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How to store wood and season it for burning

We can’t chop down a tree every time we need some wood for our fireplace and nor would that work anyway. Trees are predominantly water and that is not the best ingredient when building a fire, so we have to store wood in order that it can dry out. In general, hardwoods are best. Oak, maple, beech, ash and birch all make good firewood.
To reduce the water content of the wood, we need to season it and while it is largely just a matter of time, there are things that we can do to speed the process. For example, if you cut the wood to length, this creates a greater surface area and this will aid the drying process.
You need to store your wood properly as well. A three-sided shed is good for this as the wood is sheltered from the rain, yet air can circulate. With the wood cut and split, stack it in alternate directions on a raised platform. The wood can be burnt around nine months later, but it will benefit from being left a lot longer.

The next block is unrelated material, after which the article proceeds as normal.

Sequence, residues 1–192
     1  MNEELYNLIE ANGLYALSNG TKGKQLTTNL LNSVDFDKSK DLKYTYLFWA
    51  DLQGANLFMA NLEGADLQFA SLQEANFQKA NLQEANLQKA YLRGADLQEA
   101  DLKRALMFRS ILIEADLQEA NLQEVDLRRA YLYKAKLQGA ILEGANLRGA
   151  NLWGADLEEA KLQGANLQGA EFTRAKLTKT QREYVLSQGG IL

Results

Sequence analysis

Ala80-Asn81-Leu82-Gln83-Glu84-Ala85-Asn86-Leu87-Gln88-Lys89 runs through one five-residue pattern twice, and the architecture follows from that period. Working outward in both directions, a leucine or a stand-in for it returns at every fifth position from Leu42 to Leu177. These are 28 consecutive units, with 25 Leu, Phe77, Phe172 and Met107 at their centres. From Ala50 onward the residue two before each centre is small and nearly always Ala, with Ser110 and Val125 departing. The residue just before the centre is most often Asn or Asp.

To check whether the wood is ready for your fireplace, first take a look at it. Seasoned wood will tend to be darker at the ends and may have begun to split or crack. Next, knock a couple of pieces together. The sound should differ greatly from that produced by two pieces of green wood. Seasoned wood will make a clear clunk, whereas green wood produces more of a dull thud.

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